On Thursday, Facebook announced it would be bringing its own online dating service to Canada and Thailand, after piloting it in Colombia. Users can access the dating service through their Facebook profiles, and the company has been emphatic about maintaining separation between users’ dating profiles and virtually everything else for which they may use Facebook.
The new service allows users to answer predetermined questions about themselves, such as their biggest pet peeves, what makes them cry and what they value in friends. Users can fill out personal information such as height, religion and extensive career/educational background.
Bumble is a dating app in which women must message first in heterosexual pairings. The app has changed to allow users to include more information on their profiles, including personal stances on cannabis, alcohol and tobacco and whether they want children one day, as well as information about religion and education. Many apps have been increasing connectivity between their services and other social media. Bumble and Tinder are both services that allow users to connect to Spotify and share their taste in music.
All in all, we’re seeing a shift to detailed, thorough profiles on online dating apps popular to university students, and Facebook Dating is just the latest in a wave that’s been building for some time.
It seems to me that this is indicative of a changing mindset in users, particularly young people. While it is possible to include minimal information, many users have lovingly filled out many details about themselves, even if they are looking for casual experiences. Even if it’s just a short-term relationship, we want to know a little more about the people we spend our time and energy on.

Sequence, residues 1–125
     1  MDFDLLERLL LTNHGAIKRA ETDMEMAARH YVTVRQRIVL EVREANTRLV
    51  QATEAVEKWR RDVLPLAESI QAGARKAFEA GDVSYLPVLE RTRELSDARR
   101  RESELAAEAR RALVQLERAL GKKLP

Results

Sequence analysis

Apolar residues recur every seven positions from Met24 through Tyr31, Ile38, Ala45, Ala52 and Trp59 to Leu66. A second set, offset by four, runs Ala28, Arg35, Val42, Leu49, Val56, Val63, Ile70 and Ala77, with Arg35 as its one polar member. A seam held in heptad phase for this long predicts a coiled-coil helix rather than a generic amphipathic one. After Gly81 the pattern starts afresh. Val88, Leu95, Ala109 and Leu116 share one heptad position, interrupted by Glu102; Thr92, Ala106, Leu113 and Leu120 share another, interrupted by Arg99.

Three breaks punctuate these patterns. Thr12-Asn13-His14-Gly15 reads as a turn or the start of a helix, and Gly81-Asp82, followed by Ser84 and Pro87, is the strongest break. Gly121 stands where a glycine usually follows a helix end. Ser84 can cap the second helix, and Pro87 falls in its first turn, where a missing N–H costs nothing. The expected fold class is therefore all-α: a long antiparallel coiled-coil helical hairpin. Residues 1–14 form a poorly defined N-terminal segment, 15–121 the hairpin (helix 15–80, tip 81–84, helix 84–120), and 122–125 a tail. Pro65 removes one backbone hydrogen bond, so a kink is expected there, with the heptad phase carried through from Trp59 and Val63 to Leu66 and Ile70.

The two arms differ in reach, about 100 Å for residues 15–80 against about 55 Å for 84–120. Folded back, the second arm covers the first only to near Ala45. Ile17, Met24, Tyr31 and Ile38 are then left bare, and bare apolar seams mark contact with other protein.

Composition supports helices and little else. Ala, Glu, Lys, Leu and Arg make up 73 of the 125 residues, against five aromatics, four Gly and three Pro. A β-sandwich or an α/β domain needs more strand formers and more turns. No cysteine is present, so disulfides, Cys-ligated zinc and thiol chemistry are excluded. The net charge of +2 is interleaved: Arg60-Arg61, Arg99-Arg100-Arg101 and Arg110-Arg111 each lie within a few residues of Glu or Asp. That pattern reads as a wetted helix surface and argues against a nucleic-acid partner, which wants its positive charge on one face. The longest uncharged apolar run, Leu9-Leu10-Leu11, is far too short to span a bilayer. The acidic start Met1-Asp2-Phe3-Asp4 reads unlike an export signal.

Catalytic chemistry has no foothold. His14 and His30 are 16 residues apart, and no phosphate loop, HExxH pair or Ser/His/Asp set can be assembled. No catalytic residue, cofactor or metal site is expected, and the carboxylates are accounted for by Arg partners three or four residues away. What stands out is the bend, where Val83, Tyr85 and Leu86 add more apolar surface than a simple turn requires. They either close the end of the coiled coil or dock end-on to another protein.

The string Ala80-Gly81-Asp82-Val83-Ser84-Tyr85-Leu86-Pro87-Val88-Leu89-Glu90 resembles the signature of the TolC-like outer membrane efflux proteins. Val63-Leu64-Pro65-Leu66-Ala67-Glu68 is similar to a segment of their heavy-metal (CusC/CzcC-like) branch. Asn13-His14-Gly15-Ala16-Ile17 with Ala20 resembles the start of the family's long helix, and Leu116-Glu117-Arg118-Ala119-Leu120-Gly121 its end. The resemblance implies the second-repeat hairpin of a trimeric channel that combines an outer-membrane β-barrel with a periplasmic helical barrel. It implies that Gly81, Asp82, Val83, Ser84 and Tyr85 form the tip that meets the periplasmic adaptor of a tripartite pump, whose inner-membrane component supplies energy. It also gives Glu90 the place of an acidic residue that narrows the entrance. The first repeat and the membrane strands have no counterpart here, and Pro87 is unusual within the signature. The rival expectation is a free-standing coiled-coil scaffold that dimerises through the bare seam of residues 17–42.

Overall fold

It can be flattering to open a dating app and see countless profiles representing real people who might want to date you. That’s only until the decision paralysis strikes. There are so many people we could meet up with that we don’t want to meet anyone. With so many profiles on Tinder, some of which are only a few blurry headshots, how could anyone even decide who to date, let alone meet or even talk to?
The novel experience of entering a dating ocean from a dating puddle fades, leaving dozens of matches wondering why you never check your messages. It’s exhausting to constantly swipe in the hopes that a few of the numerous matches might get back to you, and that only few of those matches will be halfway decent human beings. What we loved about online dating a couple of years ago is now a reason many of us choose to skip the swiping.
With the changes to more detailed profiles, dating services are accommodating our shifting focus from quantity of matches to quality of connections.
The value we place on being calm, collected and even aloof is evident in the way we talk about dating. Need I mention the phenomenon of “Netflix and chill”? We want to be cool and not risk being caught caring more than our dates.
However, we’re pushing back against that whole concept of caring being a social faux pas. On Bumble, users seem just as likely to say they want something casual, want a relationship or just don’t know what they’re looking for. It threw me off at first, because I’m used to people our age approaching dating with a faux-chill attitude, and brutal honesty was new to me. Then, it made sense: why not tell someone what you want in a connection from the start? Why subject yourself to midnight hour chats with your roommates, deciphering the meaning of that match’s latest text?
Ideally, more thorough profiles may mean you find someone you really click with, having screened out others with different expectations from you. At the very least, filling out my online dating profile more extensively will mean fewer messages accusing me of being a robot.
It may be optimistic of me, but I choose to believe this is also the result of changing attitudes towards dating. Instead of being a game to us, as shown by statements like “coaches don’t play,” and “I totally scored,” dating is a relationship, however casual or exclusive, between people. It’s not a zero sum ordeal, but something we pursue hoping it adds something to our lives. Showing your cards in poker is a bad idea, but being upfront and honest about who you are and what you want in dating is valuable.